A recent survey by The Melbourne Institute of Applied Economic and Social Research’s Household, Income and Labour Dynamics in Australia (HILDA) has revealed a decrease in welfare dependency by working age people. The annually survey of 17,000 people has recorded a decrease in weekly welfare payments from 23% in 2001 to a current 18.6%. 
This is more information that supports what many including the IMF have stated, that equal access to health and education enables populations to not only move off welfare but to contribute to a more stable society and increase economic prosperity.
The bottom line is that people will do well if they can and this is proved time and again. A society can be a prison where it continually disables its population and then blames them for it, or it can be a liberation where each individual can achieve self-determination and escape welfare and poverty and the handing down of poverty to their own children.
Joe Hockey, as I heard on the radio recently, is claiming that his recent ‘horror’ budget is fair because each Australian works one month a year to pay for welfare. Interestingly, he is not revealing how many weeks a person works to cover generous far-reaching tax concessions which significantly benefit the wealthy. Greg Jericho of The Guardian recently wrote that ‘billions of dollars in revenue … is forgone each year due to exemptions within the taxation system’. He also relays that a recent IMF assessment of the failing Italian economy led to the IMF’s concern of the misuse by government of tax concessions that were vulnerable to lobbying. Jericho wrote that ‘the IMF working paper displayed that Australia actually has a greater amount of tax expenditures per GDP than Italy or many other advanced economies’.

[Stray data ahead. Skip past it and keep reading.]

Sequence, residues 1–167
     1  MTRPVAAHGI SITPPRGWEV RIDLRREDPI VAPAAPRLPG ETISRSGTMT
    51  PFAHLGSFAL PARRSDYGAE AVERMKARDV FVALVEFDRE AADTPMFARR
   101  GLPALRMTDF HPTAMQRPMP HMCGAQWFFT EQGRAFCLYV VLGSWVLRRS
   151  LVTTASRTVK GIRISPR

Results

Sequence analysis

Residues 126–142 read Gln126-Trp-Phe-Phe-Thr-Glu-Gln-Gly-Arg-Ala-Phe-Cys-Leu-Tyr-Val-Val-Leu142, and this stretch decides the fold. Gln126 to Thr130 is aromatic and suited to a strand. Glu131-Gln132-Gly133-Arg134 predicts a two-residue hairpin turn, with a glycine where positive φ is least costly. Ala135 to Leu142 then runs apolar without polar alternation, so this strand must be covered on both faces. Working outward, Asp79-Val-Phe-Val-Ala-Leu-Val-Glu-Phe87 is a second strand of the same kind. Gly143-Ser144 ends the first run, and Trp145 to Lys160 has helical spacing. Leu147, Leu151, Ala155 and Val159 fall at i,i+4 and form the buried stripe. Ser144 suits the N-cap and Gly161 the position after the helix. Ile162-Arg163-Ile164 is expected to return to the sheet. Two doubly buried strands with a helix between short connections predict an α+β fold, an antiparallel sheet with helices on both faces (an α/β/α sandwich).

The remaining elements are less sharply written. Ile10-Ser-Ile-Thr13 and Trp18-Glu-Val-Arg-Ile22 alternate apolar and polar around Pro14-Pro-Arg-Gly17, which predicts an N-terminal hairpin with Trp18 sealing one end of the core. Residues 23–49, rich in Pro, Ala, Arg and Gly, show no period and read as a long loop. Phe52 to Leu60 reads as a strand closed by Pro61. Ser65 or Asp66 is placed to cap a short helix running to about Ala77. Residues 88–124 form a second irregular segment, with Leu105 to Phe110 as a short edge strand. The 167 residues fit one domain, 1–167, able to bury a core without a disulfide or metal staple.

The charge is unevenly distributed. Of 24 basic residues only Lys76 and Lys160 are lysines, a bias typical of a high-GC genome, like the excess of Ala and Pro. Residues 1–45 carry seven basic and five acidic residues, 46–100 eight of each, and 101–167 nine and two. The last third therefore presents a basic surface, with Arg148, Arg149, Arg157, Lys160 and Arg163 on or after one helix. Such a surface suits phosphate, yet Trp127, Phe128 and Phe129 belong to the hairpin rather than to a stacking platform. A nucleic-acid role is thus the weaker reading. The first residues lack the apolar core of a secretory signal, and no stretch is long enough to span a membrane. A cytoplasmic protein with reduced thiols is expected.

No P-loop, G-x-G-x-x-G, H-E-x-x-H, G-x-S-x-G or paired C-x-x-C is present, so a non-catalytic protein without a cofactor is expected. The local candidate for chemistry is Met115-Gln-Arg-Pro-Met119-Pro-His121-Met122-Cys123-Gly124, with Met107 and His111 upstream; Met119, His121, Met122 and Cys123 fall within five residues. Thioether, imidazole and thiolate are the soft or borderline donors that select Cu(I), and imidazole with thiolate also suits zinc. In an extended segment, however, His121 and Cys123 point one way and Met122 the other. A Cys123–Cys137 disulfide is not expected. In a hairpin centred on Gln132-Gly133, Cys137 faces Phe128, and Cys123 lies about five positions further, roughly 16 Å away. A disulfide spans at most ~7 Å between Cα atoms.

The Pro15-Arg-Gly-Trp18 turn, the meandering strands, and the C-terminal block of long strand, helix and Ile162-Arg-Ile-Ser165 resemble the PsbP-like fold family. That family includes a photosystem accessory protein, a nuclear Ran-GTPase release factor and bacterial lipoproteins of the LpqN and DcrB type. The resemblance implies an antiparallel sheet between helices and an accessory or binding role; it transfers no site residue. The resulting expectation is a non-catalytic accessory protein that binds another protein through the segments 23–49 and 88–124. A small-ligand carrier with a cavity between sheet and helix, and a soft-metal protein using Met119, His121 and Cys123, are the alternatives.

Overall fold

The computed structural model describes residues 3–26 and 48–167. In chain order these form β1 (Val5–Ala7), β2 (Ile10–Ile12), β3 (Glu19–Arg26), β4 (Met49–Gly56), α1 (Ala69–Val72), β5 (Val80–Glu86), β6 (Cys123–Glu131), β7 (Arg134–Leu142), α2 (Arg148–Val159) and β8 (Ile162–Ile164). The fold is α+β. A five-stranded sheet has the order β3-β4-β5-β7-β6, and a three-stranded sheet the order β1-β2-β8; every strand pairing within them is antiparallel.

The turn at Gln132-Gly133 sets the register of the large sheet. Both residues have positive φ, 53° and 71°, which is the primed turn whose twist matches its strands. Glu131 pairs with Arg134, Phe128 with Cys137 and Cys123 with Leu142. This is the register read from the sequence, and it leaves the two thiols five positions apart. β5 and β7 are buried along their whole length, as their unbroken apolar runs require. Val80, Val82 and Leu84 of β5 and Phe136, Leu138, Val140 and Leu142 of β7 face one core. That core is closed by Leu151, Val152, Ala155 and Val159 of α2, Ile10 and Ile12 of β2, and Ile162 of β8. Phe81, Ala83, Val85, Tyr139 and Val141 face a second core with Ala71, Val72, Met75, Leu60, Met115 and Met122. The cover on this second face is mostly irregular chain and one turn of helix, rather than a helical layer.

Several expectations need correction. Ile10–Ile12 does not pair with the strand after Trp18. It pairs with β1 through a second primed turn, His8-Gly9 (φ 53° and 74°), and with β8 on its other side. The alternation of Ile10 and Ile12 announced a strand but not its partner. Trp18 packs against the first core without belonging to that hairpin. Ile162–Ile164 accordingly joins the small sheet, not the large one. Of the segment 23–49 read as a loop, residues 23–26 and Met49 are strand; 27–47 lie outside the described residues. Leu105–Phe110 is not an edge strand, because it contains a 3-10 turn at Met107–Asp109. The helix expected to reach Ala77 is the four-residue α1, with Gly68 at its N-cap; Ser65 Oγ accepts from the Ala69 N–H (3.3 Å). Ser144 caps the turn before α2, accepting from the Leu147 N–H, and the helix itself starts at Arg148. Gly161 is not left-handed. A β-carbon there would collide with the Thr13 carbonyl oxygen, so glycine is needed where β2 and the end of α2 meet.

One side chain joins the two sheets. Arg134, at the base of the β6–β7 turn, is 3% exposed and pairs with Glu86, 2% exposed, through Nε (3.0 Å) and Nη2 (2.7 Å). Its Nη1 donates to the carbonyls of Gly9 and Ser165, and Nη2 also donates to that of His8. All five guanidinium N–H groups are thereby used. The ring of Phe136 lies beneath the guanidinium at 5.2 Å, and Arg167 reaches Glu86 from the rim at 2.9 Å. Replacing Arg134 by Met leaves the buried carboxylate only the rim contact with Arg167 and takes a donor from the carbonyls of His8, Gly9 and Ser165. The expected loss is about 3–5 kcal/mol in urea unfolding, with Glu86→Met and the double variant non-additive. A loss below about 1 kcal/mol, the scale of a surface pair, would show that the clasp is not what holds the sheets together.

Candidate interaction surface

Consequently, Hockey’s media grab reveals explicitly that his approach is a one-dimensional simplistic assessment, emotive and seeking to blame disadvantaged people for their situation. Like one friend recently made note, ‘rich people tell the middle class to blame the poor’.